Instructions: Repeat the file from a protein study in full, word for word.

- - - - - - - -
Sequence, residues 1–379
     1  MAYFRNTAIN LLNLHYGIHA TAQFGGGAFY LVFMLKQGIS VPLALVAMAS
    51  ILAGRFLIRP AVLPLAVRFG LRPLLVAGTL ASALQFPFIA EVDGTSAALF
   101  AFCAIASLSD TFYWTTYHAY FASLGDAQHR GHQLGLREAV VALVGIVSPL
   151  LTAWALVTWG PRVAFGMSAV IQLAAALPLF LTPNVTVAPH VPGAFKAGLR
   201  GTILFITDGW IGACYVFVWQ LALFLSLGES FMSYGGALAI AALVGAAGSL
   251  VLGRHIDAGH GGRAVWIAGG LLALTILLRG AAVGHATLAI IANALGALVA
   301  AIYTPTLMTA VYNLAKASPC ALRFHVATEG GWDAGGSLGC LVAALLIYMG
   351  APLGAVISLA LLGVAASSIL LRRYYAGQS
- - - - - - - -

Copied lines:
Sequence, residues 1–379
     1  MAYFRNTAIN LLNLHYGIHA TAQFGGGAFY LVFMLKQGIS VPLALVAMAS
    51  ILAGRFLIRP AVLPLAVRFG LRPLLVAGTL ASALQFPFIA EVDGTSAALF
   101  AFCAIASLSD TFYWTTYHAY FASLGDAQHR GHQLGLREAV VALVGIVSPL
   151  LTAWALVTWG PRVAFGMSAV IQLAAALPLF LTPNVTVAPH VPGAFKAGLR
   201  GTILFITDGW IGACYVFVWQ LALFLSLGES FMSYGGALAI AALVGAAGSL
   251  VLGRHIDAGH GGRAVWIAGG LLALTILLRG AAVGHATLAI IANALGALVA
   301  AIYTPTLMTA VYNLAKASPC ALRFHVATEG GWDAGGSLGC LVAALLIYMG
   351  APLGAVISLA LLGVAASSIL LRRYYAGQS